The results from the national Census give a fascinating snapshot of life in The Hills LGA. The boundaries of The Hills local government area have changed only slightly since the 2011 Census allowing interesting comparisons of how we have changed over half a decade.
Homes in The Hills contain slightly more people now (3.2 on average compared to 3.1 in 2011), and two in three have four or more bedrooms compared to just one in three nationally. However they are less likely to be a detached house than 5 years ago (82.4% compared to 84.1% in 2011) and less likely to be owned outright (34.5%, down from 36% in 2011). The costs of housing have been outstripping earnings with rents up 25% since 2011 but average household incomes only up 16%.
When compared to the national findings, local households are 35% more likely to be couple families with children, 34% more likely to have at least two cars, and 33% more likely to have at least one parent born overseas. Interestingly more Hills residents report their ancestry as English than Australian, even though only 3.3% of locals were born in England. In fact more people in the Hills were born in China (5.1%) and India (3.6%) than England, with South Korea and South Africa rounding out the top 5 for those born overseas. One in three residents speaks a language other than English at home, with that now most likely to be Mandarin, which has just overtaken Cantonese, showing the more recent migration patterns from mainland China.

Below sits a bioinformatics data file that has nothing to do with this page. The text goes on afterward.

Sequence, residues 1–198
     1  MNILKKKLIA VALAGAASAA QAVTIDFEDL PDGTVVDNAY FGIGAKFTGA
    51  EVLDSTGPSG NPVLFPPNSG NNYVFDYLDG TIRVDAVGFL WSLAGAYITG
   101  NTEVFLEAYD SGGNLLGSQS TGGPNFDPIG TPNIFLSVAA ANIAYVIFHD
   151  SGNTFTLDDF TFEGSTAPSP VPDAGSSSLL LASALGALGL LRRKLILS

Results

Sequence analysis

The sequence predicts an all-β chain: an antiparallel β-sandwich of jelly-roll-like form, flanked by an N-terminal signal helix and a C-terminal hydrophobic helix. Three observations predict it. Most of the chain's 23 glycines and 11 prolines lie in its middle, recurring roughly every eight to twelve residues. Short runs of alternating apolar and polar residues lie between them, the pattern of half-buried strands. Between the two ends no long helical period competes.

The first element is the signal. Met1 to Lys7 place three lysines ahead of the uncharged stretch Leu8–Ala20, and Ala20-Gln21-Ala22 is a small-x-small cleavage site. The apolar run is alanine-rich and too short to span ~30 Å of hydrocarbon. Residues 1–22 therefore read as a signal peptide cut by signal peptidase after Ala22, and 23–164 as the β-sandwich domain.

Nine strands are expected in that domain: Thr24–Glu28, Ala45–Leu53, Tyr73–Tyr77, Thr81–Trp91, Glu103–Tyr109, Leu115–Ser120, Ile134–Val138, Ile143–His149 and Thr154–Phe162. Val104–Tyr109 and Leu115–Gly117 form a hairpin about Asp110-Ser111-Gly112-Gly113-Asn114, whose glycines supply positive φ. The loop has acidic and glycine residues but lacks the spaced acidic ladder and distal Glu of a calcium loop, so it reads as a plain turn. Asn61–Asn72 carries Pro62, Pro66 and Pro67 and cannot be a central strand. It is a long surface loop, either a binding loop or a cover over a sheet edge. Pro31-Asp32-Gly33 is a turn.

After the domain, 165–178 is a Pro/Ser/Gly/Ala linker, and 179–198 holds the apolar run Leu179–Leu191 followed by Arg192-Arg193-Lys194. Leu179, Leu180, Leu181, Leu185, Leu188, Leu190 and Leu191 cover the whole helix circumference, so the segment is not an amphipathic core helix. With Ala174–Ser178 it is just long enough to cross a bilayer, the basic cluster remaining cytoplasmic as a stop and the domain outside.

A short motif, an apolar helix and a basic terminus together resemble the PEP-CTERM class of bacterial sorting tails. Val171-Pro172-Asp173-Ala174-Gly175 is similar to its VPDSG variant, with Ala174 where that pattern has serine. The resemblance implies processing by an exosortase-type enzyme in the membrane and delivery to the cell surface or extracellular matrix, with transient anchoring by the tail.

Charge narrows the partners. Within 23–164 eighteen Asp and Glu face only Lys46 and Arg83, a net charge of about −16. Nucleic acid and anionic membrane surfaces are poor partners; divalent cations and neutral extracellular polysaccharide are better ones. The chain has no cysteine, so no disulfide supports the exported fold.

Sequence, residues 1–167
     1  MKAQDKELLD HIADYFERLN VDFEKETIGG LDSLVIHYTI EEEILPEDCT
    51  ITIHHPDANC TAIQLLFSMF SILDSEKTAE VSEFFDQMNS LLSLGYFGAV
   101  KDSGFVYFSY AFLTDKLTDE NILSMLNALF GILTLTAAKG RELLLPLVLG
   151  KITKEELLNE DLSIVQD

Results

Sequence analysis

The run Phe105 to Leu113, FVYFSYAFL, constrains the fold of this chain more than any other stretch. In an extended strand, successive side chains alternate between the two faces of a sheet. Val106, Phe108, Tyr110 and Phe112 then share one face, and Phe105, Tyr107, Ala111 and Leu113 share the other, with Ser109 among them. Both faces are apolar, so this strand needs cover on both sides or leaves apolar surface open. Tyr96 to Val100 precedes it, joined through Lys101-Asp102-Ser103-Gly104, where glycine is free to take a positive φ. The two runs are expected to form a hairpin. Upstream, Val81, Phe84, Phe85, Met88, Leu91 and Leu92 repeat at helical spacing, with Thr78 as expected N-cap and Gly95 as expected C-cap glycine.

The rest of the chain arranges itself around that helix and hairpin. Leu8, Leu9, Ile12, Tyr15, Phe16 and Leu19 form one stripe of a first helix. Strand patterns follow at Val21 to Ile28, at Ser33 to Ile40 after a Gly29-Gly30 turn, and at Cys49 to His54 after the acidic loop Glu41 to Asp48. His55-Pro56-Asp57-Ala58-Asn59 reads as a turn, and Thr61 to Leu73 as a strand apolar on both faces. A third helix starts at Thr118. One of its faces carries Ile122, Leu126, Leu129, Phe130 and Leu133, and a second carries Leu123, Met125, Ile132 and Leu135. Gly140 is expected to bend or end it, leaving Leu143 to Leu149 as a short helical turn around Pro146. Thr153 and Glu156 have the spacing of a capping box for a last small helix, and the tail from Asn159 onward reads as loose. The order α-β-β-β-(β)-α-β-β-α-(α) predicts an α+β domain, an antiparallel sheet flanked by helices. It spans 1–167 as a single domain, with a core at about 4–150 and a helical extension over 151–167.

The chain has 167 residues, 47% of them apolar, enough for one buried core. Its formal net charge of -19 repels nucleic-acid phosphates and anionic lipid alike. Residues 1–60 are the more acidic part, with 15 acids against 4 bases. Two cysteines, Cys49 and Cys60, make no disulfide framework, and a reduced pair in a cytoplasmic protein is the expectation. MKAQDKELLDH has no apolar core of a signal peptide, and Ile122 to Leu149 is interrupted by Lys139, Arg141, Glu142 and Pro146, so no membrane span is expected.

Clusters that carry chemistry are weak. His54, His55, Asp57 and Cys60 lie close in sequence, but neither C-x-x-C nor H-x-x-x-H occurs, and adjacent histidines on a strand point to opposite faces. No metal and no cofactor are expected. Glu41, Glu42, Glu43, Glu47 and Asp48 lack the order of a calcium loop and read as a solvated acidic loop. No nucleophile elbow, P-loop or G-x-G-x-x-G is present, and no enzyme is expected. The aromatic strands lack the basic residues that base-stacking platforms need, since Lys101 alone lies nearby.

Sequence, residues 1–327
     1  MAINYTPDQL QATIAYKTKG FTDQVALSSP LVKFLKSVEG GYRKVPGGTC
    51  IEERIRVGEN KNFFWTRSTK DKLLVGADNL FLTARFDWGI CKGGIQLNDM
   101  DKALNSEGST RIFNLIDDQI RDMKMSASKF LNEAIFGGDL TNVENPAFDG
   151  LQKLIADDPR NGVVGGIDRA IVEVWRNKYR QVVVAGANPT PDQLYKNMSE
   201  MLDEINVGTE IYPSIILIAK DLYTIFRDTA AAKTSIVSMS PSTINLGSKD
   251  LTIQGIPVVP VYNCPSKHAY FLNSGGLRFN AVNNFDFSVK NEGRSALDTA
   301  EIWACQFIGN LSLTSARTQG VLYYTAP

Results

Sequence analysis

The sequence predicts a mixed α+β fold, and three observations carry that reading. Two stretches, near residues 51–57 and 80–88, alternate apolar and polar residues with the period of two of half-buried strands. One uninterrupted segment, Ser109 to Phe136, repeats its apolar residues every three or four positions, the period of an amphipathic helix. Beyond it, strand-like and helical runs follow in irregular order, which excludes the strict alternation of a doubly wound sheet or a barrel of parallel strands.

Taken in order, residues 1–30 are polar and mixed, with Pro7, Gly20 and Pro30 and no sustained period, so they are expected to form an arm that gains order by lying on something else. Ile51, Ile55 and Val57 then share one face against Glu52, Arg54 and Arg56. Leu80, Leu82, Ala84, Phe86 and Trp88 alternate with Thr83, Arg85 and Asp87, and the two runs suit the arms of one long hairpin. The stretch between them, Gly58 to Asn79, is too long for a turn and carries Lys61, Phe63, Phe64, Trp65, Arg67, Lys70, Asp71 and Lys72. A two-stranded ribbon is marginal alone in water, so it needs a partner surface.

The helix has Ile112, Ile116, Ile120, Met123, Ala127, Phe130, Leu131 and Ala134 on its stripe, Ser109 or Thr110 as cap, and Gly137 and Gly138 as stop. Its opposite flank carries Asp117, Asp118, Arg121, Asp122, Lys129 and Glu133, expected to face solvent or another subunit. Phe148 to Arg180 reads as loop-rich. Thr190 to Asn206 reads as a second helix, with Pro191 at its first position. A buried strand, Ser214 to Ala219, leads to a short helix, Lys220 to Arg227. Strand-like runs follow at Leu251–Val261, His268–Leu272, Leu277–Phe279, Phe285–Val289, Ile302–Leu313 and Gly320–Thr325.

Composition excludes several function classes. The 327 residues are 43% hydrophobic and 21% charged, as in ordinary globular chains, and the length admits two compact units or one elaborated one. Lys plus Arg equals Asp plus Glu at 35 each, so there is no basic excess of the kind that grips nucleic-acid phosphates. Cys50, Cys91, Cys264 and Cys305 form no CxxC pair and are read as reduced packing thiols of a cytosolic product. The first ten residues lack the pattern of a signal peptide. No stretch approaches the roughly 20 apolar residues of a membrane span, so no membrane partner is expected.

While locals most commonly identify their religion as Christianity (64.8%), it has declined, while Hinduism has seen the biggest increase, from 3.1% in 2011 to 4.5% now. Of the 650 suburbs in Sydney, Castle Hill has the most number of Anglicans at 5,748 which places it 4th largest nationally for Anglicans.
Age of residents
The Shire continues to have a younger profile than the rest of Australia with more people under 20 and less people over 65 than the national average. However while 2011 showed a deficit of 30-34 year olds locally compared to the state and national average, this latest data shows a surplus of 35-39 year olds indicating that while those in their twenties and early thirties do leave the Hills, it seems as if they also boomerang on back.